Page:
Are you Qi Deficient?

If you catch colds easily, have low energy, and require a long time recuperating from an illness – your Wei Qi may be deficient. In Chinese medicine, Wei Qi is known as the defensive energy that surrounds your body to provide a protective barrier between you and the environment. Regular acupuncture keeps the defensive qi strong to more easily resist colds and flu.

Foods to Eat – Foods to Avoid

Acupuncture works best when combined with a proper diet. Diet is important for strong Wei Qi. Acupuncturists are trained to provide dietary recommendations that help keep your defenses strong. Foods to avoid would include dairy products such as milk and cheese, as well as wheat. These are cold and cool natured foods in Chinese medicine. Sugar is another major no-no when it comes to immunity. Did you know that your immune system is depressed for several hours after consuming sugar?

Eat With the Seasons

Balance is key to keeping healthy and this goes for diet as well as lifestyle. Try practicing eating with the seasons by eating more root vegetables such as baked yams or steamed carrots. Avoid out of season foods like salads, fruits, and cold drinks in the winter. A nourishing diet of steamed vegetables, rice, and small amounts of animal protein such as chicken or beef are recommended in winter time. Fish is a cold food so is better in summertime when the weather is hot.

Soup is a wonderful immune boosting food and can act as a remedy for colds. Be sure the broth is clear and does not contain wheat noodles. Chicken soup has long been heralded as a good cold remedy. Chinese medicine recognizes chicken as a warm natured food that combats internal coldness which can lead to weakening of the defensive energy.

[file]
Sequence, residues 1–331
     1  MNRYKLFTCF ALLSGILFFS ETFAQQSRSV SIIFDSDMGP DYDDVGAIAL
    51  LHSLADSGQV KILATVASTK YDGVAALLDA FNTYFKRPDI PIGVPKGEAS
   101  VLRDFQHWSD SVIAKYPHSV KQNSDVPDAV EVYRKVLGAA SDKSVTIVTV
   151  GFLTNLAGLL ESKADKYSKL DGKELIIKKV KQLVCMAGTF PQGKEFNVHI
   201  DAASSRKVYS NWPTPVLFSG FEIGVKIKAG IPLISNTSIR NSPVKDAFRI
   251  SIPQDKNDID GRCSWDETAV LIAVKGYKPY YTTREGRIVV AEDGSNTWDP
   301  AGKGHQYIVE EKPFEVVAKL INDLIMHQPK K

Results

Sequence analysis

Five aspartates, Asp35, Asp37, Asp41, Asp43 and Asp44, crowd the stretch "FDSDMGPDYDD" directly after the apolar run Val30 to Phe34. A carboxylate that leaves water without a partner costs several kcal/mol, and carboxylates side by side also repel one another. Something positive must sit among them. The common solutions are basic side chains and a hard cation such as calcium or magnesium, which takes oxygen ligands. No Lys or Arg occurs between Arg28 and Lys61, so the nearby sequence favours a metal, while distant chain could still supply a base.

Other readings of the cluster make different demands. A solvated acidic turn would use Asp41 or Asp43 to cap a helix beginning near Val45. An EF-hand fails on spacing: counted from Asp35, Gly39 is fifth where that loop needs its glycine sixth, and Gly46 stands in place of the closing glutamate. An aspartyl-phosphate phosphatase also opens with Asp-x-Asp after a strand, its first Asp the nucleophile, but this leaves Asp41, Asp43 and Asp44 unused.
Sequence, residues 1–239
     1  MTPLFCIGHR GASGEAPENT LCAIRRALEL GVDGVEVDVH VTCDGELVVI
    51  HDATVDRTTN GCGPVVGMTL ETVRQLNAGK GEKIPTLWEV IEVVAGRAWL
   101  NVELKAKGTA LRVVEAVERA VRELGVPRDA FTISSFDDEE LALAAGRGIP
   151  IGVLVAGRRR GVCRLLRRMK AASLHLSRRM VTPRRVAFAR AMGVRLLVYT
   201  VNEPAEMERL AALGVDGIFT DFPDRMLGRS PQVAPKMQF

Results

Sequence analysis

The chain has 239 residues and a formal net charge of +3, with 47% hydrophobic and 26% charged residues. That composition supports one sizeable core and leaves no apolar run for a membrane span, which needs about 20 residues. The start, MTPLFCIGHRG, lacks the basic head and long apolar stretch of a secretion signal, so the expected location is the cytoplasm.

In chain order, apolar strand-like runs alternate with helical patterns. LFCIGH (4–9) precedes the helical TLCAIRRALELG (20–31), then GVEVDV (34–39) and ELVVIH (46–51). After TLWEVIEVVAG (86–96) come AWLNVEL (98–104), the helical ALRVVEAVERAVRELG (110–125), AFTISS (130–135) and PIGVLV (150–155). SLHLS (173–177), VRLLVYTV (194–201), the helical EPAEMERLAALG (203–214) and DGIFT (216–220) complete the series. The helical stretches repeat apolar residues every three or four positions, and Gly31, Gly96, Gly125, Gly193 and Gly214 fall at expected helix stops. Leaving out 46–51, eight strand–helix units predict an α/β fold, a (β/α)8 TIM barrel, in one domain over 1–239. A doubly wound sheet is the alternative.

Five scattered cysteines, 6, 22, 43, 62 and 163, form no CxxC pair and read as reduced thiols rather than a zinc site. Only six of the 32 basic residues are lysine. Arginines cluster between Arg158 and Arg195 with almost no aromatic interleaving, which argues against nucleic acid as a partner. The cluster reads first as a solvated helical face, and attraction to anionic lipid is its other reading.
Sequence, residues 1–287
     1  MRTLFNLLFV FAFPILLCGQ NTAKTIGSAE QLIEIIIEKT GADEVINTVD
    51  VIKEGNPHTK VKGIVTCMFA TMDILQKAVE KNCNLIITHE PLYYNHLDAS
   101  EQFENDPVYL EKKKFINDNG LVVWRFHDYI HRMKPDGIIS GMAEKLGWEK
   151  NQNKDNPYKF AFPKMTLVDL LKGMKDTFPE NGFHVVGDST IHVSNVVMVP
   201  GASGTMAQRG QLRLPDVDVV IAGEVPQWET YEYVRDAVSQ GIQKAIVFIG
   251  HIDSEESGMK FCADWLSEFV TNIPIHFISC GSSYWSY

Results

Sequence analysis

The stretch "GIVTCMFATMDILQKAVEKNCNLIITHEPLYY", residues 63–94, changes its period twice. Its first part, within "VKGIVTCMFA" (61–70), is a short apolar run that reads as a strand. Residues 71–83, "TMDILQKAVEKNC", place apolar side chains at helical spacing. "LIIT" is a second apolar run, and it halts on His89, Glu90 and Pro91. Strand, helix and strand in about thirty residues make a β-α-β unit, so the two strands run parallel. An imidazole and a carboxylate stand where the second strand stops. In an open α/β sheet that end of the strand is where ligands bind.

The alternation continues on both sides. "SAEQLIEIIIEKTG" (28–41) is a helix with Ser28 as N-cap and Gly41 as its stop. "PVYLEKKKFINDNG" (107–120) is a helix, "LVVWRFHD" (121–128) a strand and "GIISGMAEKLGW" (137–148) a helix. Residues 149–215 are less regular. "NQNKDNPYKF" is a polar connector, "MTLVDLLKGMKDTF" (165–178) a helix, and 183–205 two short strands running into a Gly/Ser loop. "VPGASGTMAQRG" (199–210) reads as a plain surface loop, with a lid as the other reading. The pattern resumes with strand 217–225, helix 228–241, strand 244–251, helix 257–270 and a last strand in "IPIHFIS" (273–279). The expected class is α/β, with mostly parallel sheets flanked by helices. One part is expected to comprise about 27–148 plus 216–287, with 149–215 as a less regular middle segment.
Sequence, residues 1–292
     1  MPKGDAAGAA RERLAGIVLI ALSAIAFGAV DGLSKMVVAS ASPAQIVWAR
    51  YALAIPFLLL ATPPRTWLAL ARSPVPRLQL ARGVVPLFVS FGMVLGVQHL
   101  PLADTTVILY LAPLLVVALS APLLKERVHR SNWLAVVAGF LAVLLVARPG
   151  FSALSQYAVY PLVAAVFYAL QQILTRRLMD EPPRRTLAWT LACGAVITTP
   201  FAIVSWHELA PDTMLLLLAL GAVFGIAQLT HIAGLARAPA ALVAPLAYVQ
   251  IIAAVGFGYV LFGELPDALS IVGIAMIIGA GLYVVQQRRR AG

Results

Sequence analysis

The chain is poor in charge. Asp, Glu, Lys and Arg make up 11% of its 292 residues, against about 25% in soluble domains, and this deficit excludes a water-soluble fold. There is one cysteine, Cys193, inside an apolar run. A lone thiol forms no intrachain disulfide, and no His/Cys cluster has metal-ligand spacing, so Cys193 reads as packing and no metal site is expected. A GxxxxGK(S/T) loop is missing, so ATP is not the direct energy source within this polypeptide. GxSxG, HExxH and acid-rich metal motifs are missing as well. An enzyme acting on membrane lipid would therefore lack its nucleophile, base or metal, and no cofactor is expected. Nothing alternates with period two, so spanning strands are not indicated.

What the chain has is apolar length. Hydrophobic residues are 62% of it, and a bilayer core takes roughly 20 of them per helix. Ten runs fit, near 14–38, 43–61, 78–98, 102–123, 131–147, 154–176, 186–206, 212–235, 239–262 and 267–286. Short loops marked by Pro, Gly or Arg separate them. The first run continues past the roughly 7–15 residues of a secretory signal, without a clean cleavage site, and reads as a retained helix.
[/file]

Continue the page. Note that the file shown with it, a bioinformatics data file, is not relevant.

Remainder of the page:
For more information on diet and Chinese medicine, read my nutritional counseling page and find out how YOU can stay healthy to prevent colds and flu this winter.

Carpal Tunnel Relief with Acupuncture

In a 2009 study  acupuncture was shown to be “as effective as short-term low-dose prednisolone [prednisone] for mild-to-moderate CTS. [Carpal Tunnel Syndrome] For those who do have an intolerance or contraindication for oral steroid or for those who do not opt for early surgery, acupuncture treatment provides an alternative choice.”

Read more

Acupuncture for Weight Loss

Many people ask if acupuncture is good for weight loss and obesity. Weight loss with acupuncture is such a hot topic that Dr. Oz reviewed it on his blog. Acupuncture is not a quick fix for such a complex problem as controlling your weight. But research shows that  adding acupuncture treatment to your weight loss regimen can help. Losing weight involves multiple factors. Dr Oz says it requires a ‘multi pronged approach’.  Read more

Weight Loss With Acupuncture

Weight loss is more successful with acupuncture. Obesity is rampant in our country and seems to be on the rise. Acupuncture for weight loss is proven successful in research studies.

Acupuncture Weight Loss Research

Research on acupuncture and weight loss show positive benefits for people with obesity. Most studies focus on auricular acupuncture tiny needles or magnets placed at key spots on the ear. Why would an acupuncturist treat the ear? The ear represents a small version of the human body – a microcosm of the larger macrocosm of the body. Many acupuncturists do not perform acupuncture weight loss treatment on the ear, however, so don’t be confused if your acupuncturist chooses body points exclusively.

Acupuncture Points for Successful Weight Loss